Could a Peer Advisory Board Help Your Small Business?
February 17, 2015 | Business and Careers
By Sarita Harbour
While big businesses enjoy the collective wisdom of a highly experienced, elected board of directors and large pools of executive talent, today’s small-business owners may not know where to turn for business advice or mentorship. A peer advisory board could be the answer.
As a member of a peer advisory board, sometimes known as a peer advisory group or mastermind group, you’ll meet with a group of business owners at professionally facilitated meetings to collaborate on issues facing each member. As you receive help with your own decisions, you will in turn help other members of the board make choices and solve problems for their businesses. Peer advisory boards can be set up through for-profit or nonprofit organizations at the local, national or international level.
Rick Maher, partner in Effective Human Resources/Maher & Associates, is a member of the Suffolk, Long Island, chapter of The Alternative Board (TAB), an international for-profit peer board and advisory organization. Maher became part of the group six years ago. “I joined the board a couple of months before starting my business,” he said. “I knew if I did it on my own, I’d get into trouble—how was I going to build a scalable business without business knowledge?”
Who’s on the Board?
While they may have different criteria for membership—ranging from location to revenue to gender—peer advisory boards are all built on finding a common element among their members.
For example, the nonprofit Women Presidents Organization serves women who are presidents of multimillion-dollar businesses. Vistage, another for-profit peer advisory service, offers what it calls a Key Executive Program to support key executives working in large organizations.
Other advisory boards, such as those created by TAB, consist of a cross-section of business owners representing a variety of industries. The common elements are revenue and number of employees, said Jason Zickerman, TAB’s president and CEO.
What They Do
Peer advisory boards exist to help their members solve specific problems. “The great thing is you get to meet each month with eight to ten people who really know your business,” Maher said.
Although other types of business groups may also meet regularly, Zickerman said that’s where the similarity ends. The purpose of TAB, he said, is simple: “We help business owners make fewer bad decisions.”
Though the details may vary depending on the peer board, TAB boards follow a clearly defined process to identify, discuss and solve the issues addressed at each meeting—a process that includes an additional monthly meeting between each member and a business coach.
“Each month I have a session with my business coach in which we prepare topics for board discussion. This really holds you accountable,” Maher said.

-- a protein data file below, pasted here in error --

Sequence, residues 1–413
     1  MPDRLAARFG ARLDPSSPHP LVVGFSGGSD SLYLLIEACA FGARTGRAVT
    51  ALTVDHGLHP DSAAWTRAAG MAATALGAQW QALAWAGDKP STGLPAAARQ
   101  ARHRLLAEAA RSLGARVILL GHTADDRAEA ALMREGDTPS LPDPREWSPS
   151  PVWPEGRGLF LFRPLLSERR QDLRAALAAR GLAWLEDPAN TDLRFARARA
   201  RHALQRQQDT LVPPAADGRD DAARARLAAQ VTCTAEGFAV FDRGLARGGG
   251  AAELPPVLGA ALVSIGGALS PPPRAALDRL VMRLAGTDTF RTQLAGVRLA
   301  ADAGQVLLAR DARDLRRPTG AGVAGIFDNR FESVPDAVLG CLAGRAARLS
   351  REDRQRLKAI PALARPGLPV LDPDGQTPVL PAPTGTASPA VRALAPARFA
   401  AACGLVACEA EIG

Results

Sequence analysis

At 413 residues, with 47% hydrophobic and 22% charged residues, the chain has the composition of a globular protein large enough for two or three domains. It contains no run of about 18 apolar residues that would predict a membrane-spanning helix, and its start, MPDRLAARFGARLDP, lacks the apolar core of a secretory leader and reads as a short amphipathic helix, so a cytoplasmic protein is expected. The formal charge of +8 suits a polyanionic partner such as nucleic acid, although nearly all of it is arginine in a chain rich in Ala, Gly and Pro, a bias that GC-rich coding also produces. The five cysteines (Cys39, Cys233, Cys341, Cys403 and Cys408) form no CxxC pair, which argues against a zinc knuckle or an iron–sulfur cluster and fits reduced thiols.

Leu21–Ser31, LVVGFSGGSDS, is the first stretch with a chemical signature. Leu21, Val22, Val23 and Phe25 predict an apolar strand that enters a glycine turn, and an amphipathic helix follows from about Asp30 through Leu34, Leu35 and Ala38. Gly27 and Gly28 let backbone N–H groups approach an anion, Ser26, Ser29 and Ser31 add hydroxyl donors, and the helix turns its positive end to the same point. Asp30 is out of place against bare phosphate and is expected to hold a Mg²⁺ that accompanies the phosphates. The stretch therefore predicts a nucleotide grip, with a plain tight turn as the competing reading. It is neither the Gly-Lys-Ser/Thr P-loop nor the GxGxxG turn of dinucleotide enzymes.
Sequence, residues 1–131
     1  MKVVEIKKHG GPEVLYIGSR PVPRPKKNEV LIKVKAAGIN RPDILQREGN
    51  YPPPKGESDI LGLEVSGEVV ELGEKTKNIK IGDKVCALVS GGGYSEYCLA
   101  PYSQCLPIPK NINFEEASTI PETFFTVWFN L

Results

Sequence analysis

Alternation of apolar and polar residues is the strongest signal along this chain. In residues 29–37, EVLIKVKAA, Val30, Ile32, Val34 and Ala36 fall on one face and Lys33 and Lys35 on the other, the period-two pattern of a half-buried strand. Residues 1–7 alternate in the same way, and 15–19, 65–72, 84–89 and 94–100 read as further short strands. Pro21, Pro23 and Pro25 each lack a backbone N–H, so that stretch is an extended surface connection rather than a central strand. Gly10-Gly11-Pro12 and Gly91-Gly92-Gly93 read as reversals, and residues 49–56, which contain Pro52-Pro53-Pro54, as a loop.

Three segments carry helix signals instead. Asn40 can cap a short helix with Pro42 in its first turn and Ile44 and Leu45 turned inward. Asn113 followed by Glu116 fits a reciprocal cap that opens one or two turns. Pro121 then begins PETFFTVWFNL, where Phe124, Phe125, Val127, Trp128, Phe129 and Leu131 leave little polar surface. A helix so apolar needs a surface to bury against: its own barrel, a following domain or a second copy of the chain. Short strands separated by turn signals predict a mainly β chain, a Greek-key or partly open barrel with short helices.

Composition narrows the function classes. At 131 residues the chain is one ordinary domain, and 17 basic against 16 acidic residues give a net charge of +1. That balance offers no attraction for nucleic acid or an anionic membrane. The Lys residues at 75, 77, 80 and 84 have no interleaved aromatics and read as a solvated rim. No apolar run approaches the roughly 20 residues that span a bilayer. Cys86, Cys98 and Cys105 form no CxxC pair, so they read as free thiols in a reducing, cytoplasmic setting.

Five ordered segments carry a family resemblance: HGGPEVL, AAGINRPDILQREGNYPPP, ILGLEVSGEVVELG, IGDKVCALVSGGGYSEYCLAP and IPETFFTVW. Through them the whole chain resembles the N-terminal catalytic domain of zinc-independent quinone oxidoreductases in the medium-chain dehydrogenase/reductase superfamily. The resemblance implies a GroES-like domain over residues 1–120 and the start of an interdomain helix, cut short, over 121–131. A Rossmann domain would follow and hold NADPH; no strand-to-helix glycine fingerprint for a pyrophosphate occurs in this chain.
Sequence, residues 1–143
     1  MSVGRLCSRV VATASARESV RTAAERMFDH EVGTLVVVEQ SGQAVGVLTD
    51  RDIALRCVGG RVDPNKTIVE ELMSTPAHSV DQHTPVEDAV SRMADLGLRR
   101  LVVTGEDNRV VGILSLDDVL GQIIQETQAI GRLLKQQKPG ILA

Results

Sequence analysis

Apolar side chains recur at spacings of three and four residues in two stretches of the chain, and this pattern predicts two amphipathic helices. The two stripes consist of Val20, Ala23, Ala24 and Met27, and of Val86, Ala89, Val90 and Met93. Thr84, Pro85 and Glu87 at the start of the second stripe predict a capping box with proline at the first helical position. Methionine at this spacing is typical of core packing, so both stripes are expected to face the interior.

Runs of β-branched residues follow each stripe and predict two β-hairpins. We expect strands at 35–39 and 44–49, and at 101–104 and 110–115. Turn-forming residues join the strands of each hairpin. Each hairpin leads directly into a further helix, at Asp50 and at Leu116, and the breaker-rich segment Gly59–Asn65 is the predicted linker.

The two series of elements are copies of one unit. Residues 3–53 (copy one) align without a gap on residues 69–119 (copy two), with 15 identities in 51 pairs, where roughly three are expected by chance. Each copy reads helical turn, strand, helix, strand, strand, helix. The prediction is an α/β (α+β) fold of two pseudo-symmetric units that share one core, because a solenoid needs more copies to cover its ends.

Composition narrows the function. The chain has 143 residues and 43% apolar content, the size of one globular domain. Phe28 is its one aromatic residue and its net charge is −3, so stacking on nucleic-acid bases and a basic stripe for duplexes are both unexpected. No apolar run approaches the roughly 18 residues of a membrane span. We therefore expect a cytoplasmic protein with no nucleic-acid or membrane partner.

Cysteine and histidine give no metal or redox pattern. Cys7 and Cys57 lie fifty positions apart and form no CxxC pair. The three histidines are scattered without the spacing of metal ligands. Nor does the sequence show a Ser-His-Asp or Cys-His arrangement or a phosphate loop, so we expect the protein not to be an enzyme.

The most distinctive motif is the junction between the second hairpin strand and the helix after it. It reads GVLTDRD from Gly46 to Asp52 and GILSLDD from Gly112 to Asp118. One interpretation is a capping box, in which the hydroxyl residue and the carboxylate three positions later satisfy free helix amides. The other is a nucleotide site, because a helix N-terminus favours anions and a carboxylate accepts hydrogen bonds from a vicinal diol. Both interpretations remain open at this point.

Why Join a Peer Advisory Board?
Peer advisory boards give their members arm’s-length advice, knowledge and support that business owners can’t get from their own business team or traditional advisers.
“Unfiltered advice is very difficult to get for a small-business owner because, typically, anyone you’re going to talk to is tied to you somehow,” Maher said.
He said advice from his board helped him see and understand the concept of the lifetime value of a client and was instrumental as he built his business’s retention/service model.
“As a result, our client retention has doubled, and the average revenue per client has doubled,” Maher said. “Additionally, it helps me to have a more stable business, predictable revenue, and one day a more profitable business that is more valuable to a potential buyer.”
What to Watch for
If you’re considering applying for membership on a peer advisory board, there are a few things to keep in mind, said Zickerman:
1. You’ll be expected to give as well as get advice. “Contribute as much as you receive,” he said.
2. Be on the lookout for potential conflicts of interest with other members. “If you have competitors or key vendors on a board, advice is compromised,” Zickerman explained. “You need open and clear communication for the board to be effective.”
3. Determine whether the advisory board has processes in place to protect the information you share with the group. Be prepared to sign a confidentiality agreement.
4. Find out who is facilitating the board meetings and managing the group. A professionally trained facilitator is a critical component to keeping meetings and communications moving. “They know how to bring the more reticent members out and control those who are more dominant,” Zickerman said.
While peer advisory boards have long existed to support executive members, they’re particularly well suited to provide detached, broad-based knowledge and advice to the growing numbers of small-business owners. By meeting regularly with a group of peers who get to know the particulars of your business, you receive specific, actionable advice and save time and money by learning about (and avoiding) the mistakes your peers have made.
“You get unbiased, candid advice,” said Zickerman. “That’s simply invaluable.”
Originally published on Northwestern MutualVoice on Forbes.com.